North Dakota

While North Dakota is teeming with gambling opportunities, many residents might be surprised to find out that the Peace Garden State doesn’t actually regulate any form of gambling. That doesn’t mean it’s illegal, just that the state itself is not involved in the authorization process and, therefore, does not profit from it. There are near a dozen tribal casinos in North Dakota spotting all corners of the map and evenly dispersed between, but commercial gambling is prohibited.

Simulcast pari-mutuel betting is legal in North Dakota, but on a limited basis. There is only one track left in the state, the North Dakota Race Park, and it’s generally only open for one weekend in July. Once a mecca for off-track betting, legalized in 1989 and growing into a $150 million industry by 2000, it was eventually thrown back into the prohibition column when the CEO of the largest pari-mutuel betting company in the state was indicted for laundering $100 million in unlicensed OTB operations. With such a slanted view towards gambling, many are questioning where North Dakota stands in regards to online poker laws.

 

 

Legality of Online Poker in North Dakota

With a population of just 699,628 (2012), North Dakota isn’t what you would call a melting pot of online gamblers. However, for those who do enjoy playing online poker, it is, unfortunately, an issue the law makers of the Peace Garden State have yet to touch on. In fact, the gambling laws in North Dakota are some of the most abstruse and least effusive in the country. While it seems that would make the reader’s job easier – legal jargon being complicated enough to read; even more so when ridiculously verbose – it is, in fact, more difficult to come to any direct conclusion.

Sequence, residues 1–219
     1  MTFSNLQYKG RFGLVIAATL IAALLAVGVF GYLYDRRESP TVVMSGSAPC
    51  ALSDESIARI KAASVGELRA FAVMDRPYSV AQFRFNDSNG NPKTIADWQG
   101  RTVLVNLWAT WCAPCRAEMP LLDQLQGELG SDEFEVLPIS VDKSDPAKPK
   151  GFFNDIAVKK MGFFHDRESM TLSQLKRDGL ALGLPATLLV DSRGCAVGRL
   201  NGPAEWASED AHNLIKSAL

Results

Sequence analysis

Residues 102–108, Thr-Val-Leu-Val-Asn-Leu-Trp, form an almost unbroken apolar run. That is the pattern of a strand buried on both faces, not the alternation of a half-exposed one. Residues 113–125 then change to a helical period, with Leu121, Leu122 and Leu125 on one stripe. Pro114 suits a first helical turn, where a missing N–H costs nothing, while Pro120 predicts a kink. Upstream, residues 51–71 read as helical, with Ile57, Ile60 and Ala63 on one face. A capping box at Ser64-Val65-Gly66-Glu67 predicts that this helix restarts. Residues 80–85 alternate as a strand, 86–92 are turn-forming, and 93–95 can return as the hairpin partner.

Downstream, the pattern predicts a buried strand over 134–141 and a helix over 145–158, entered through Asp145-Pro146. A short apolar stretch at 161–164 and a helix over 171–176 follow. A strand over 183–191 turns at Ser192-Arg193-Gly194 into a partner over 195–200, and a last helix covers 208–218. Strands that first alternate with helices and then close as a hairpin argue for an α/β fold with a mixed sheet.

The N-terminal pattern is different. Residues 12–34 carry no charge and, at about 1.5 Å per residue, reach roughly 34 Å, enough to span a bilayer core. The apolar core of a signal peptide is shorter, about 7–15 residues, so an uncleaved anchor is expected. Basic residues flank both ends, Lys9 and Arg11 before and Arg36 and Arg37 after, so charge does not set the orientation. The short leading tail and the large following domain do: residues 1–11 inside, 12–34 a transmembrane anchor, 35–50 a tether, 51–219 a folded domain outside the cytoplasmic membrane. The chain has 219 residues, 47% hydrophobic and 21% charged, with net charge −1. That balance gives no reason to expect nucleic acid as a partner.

The laws of North Dakota are something best left to be deciphered by the most educated lawyers in the state, which is exactly who we recommend contacting for a precise answer as to whether online poker is legal in North Dakota. However, for the purpose of this guide, we will attempt to interpret the connotations of the state’s laws in regards to online poker. We will also touch on the topic of future online poker regulation in North Dakota.

 

 

North Dakota Constitution / Century Code – Gambling

We’ve collected the following quotations from the Constitution and Century Code of North Dakota pertaining to the state’s views on gambling related matters.

 

Article XI Section 25

The legislative assembly shall not authorize any game of chance, lottery, or gift enterprises, under any pretense, or for any purpose whatever. However, the legislative assembly shall authorize the state of North Dakota to join a multi-state lottery for the benefit of the state of North Dakota, and, the legislative assembly may authorize by law bona fide nonprofit veterans’, charitable, educational, religious, or fraternal organizations, civic and service clubs, or such other public-spirited organizations as it may recognize, to conduct games of chance when the entire net proceeds of such games of chance are to be devoted to educational, charitable, patriotic, fraternal, religious, or other public-spirited uses.

 

Chapter 12. 1-28 Gambling and Related Offenses

1-28-01 Gambling Definitions

Gambling: means risking any money, credit, deposit, or other thing of value for gain, contingent, wholly or partially, upon lot, chance, the operation of gambling apparatus, or the happening or outcome of an event, including an election or sporting event, over which the person taking the risk has no control. Gambling does not include: